Beyond national policy, international covenants on women’s rights such as the Convention on the Elimination of All Forms of Discrimination Against Women and the Beijing Declaration and Platform for Action have played important roles. Aside from the Philippines being signatory to these, it must be noted that Filipino women, including 4 who have served as chair of the UN Commission on the Status of Women (UNCSW), played major roles in the crafting of these landmark documents.

After the Global Gender Gap Index of the World Economic Forum was established in 2006, the Philippines consistently placed in the top 10 for over a decade. Today the country’s rating has gone down but it remains in the top 20, the only Asian country on the list. And while the United States is celebrating its first woman vice president, the Philippines has had two woman vice-presidents and two woman presidents and some extraordinary women in high positions.

Along with legislation, policy, and leadership, gender equality and women’s empowerment is driven at the grassroots level by a strong and vibrant women’s movement, women NGOs that push for and support progressive laws and policies and make their voices heard on important issues.

The status of women in the Philippines is propelled and enhanced by what the women’s movement refers to as the “bibingka principle”. Bibingka, is a national delicacy, a rice cake made from glutinous rice flour, eggs, and a bit of sugar, topped with morsels of local white cheese, salted duck egg, and grated coconut. Making it is a time-consuming process that involves pouring the batter into a round pan with hot coal underneath, then placing more hot coal on top. In effect, the bibingka is cooked by the burning coal from below and above. Thus, the status of women has fire on top in the form of progressive and enlightened legislation, policy, and leadership and fire at the bottom in the form of well-organized, dynamic, and courageous NGOs.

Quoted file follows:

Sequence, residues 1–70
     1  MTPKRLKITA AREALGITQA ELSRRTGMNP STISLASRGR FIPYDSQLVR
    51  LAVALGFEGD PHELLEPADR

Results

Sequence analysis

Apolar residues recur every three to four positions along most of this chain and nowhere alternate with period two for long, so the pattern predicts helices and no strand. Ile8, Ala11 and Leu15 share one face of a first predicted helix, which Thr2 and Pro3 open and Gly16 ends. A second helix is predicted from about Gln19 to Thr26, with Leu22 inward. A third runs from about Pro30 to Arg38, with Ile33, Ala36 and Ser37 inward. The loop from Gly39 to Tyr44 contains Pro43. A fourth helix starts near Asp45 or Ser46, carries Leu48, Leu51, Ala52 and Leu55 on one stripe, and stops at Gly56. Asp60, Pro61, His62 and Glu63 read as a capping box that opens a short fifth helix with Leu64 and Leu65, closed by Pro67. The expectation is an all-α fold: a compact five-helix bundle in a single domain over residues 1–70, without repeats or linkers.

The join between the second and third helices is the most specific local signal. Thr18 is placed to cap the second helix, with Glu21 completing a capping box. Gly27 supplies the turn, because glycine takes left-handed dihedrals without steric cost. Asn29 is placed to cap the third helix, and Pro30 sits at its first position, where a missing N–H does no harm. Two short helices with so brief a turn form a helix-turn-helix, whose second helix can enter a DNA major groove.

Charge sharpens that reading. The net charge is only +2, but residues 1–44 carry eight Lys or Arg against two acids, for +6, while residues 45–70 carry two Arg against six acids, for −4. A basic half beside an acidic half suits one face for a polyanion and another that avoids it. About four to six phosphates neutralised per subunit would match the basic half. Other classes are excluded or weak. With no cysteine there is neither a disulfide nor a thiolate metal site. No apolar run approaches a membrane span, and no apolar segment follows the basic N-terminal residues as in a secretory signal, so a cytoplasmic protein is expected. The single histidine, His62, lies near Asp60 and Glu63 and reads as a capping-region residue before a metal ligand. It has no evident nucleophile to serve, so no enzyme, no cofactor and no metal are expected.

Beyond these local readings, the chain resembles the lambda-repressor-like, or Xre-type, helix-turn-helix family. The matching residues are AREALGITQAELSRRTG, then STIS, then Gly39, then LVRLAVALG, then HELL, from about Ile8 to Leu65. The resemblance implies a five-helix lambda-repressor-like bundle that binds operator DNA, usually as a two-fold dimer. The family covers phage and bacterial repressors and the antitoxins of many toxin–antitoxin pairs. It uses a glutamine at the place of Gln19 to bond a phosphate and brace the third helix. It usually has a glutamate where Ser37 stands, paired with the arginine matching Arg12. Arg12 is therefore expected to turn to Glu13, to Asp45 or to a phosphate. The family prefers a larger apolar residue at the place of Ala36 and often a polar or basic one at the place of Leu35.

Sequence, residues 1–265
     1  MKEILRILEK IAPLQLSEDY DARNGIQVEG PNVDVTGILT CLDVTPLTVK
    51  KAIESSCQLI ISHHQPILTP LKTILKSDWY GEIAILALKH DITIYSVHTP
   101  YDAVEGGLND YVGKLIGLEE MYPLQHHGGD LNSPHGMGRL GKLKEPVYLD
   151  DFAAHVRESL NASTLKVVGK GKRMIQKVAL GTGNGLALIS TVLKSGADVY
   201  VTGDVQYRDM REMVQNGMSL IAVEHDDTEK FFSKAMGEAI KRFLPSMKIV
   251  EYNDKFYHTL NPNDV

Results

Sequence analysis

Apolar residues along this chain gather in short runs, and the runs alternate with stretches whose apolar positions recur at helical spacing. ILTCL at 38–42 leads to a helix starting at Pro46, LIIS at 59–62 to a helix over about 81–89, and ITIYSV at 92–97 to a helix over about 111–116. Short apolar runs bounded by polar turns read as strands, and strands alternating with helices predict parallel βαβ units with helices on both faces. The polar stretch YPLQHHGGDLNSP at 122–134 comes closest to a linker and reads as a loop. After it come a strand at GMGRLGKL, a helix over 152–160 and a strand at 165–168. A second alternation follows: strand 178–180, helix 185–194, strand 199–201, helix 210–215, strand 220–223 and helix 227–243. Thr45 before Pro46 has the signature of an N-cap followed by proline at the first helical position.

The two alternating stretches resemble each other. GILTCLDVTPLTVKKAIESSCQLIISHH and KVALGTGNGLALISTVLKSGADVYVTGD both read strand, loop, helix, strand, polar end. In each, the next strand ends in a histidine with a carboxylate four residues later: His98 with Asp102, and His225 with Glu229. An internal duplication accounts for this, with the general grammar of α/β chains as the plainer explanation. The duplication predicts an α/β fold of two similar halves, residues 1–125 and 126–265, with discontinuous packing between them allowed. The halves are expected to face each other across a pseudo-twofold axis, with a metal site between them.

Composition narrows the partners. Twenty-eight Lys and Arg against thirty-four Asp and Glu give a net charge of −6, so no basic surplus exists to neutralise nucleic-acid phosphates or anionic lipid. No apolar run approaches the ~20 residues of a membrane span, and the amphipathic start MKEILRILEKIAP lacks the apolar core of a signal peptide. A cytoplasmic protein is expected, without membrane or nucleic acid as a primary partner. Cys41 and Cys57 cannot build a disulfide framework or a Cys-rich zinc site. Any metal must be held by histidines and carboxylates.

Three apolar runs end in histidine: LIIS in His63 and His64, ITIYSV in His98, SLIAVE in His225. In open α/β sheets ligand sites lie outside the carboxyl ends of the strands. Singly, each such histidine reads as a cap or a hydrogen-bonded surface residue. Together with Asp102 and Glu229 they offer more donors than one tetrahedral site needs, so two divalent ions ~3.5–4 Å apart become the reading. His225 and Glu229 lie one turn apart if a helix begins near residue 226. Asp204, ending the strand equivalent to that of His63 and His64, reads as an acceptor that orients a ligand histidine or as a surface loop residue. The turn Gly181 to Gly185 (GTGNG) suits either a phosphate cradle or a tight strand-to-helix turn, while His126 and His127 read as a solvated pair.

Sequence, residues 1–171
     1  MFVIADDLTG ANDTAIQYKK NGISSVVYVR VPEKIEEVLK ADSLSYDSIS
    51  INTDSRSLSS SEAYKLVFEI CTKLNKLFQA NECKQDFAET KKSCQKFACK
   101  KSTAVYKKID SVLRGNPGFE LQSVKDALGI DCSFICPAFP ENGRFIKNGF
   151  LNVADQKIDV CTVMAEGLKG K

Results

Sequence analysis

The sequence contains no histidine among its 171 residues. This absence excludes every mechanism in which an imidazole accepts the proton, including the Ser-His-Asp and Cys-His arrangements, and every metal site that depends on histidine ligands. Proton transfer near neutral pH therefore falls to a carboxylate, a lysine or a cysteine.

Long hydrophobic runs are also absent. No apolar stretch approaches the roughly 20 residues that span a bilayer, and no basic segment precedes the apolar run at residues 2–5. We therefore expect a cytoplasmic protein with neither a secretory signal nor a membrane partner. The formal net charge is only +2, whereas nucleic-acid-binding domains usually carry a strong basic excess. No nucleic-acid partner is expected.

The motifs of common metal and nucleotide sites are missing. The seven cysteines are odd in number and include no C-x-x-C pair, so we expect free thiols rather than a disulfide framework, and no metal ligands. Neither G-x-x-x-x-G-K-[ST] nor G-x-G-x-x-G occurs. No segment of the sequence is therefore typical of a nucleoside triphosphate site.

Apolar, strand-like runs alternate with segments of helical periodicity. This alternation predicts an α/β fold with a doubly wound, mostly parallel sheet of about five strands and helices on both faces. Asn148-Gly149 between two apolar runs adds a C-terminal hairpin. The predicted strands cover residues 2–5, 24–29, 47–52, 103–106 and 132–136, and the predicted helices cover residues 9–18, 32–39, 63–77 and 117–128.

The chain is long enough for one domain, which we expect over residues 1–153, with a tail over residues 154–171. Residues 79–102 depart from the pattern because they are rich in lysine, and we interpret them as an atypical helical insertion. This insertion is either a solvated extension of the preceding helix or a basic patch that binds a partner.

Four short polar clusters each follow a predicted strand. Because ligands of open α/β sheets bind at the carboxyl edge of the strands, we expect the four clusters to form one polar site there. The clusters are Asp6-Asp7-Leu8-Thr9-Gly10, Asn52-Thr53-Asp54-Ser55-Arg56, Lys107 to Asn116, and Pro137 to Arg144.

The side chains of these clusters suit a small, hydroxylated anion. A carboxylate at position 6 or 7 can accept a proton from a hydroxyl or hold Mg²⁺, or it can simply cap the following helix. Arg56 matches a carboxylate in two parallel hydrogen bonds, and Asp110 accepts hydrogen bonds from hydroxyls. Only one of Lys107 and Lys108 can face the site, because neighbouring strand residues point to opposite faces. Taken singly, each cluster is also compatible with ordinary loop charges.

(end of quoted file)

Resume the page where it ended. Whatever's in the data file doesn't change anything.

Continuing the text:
So there is a lot working for women in the Philippines. But there are problems. Women outnumber men in school enrollment and graduation but these accomplishments do not necessarily result in better access to decent jobs nor parity in work and promotion opportunities. Men’s average wages are higher than that of women in both rural and urban areas and women are under-represented in top administrative and managerial positions and in political leadership.

Negative attitudes and stereotypes exist and operate in society. This is particularly obvious in politics where factors of entrenched discrimination operate. A large percent of the population believe that men make better political leaders than women. Thus women continue to be seriously underrepresented as candidates for public office although they make up at least half of the electorate. Violence against women is present in many forms—domestic violence, rape, sexual harassment, and misogynistic statements in public coming from top male leaders.

Therefore, advocacy and action for gender equality and women’s empowerment must continue. There is need to analyze and remedy the Philippines’ lowered ratings on the Global Gender Gap Index. There is need to understand how a visibly misogynistic leadership emerged and why it is being tolerated. The “bibingka principle” should be applied with greater fervor and determination.